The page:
The more enthusiastic you are about high-end audio system, the less you're bothered by the law of diminishing returns. But I guess you could say that about hardcore fans of any type of hardware, be it automobiles or bicycles. So whether you agree with my opinion of the Naim Mu-So wireless speaker or think I'm a blithering idiot with no concept of value for lavishing praise on a $1500 soundbar will likely depend on just how passionate about music reproduction you are. luxuriously
Naim provides the audio systems for Bentley, so price sensitivity is probably not in the company's vocabulary. And like that luxury automobile, the Mu-so is not a product designed for the mass market. That said, $1500 for a networkable powered speaker of this quality doesn't fall into "if you have to ask how much, you can't afford it" territory, either. And the bottom line is that the Mu-so fully justifies its price tag, whether you're looking for a soundbar to fill a large room, or you want to put together a multi-room audio system using your home network.
The Mu-so sits on a clear acrylic base, which makes the 28.7-pound speaker look as though it's floating above whatever surface you place it on. The next thing that captures your attention is that its enclosure is wrapped in brushed aluminum — the cabinet itself is fabricated from thick medium-density fiberboard, a wood product valued for its uniformity. I questioned Naim about the aluminum, since it seems as though that would have a negative impact on the speaker's Wi-Fi antennas.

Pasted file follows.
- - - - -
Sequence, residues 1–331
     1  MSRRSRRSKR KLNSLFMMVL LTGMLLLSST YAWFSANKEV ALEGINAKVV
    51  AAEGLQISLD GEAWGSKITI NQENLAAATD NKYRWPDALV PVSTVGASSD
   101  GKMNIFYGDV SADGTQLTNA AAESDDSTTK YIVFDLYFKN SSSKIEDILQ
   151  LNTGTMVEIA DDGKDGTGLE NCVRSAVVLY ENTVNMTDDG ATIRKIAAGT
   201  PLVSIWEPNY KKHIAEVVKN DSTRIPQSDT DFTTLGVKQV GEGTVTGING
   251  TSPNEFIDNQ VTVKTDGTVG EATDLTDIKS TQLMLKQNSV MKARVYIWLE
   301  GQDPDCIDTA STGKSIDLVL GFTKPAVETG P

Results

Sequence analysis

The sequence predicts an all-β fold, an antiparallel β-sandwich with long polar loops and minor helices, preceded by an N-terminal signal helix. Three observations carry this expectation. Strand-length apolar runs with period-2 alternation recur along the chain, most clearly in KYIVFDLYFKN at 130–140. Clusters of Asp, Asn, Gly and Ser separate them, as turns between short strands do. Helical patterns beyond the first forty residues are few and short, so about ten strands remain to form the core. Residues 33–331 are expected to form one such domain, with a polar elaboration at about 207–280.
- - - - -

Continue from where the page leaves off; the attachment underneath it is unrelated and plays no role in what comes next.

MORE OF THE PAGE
A company spokesperson responded that the aluminum cladding helped render the Mu-so more rigid than would have been possible with MDF alone. I was also told that Naim had developed "a new type of antenna (patent pending) in collaboration with Queen Mary University, London. Two hidden printed-circuit slot antennae, one between the bass drivers and one deep inside the rear heatsink, work in combination with a dual-channel diversity receiver. This means we can maintain the seamless aesthetic, without external fixtures or antennae, whilst still providing robust wireless connectivity." A massive aluminum heatsink runs across the entire back of the Mu-so's cabinet.
Touch me, hear me
Power the Mu-so up and your eye is drawn to the oversized control wheel on top of the cabinet. A ring of LEDs illuminates the outer ring of the oversized dial, and touchscreen controls appear on its surface. Touch-sensitive icons appear for play/pause, track forward, and track back; input source; streaming source; and Internet radio (you can program up to five station presets and select them right from the touch dial). If you're a Spotify Premium subscriber, you'll be interested to know that the Mu-so supports Spotify Connect.
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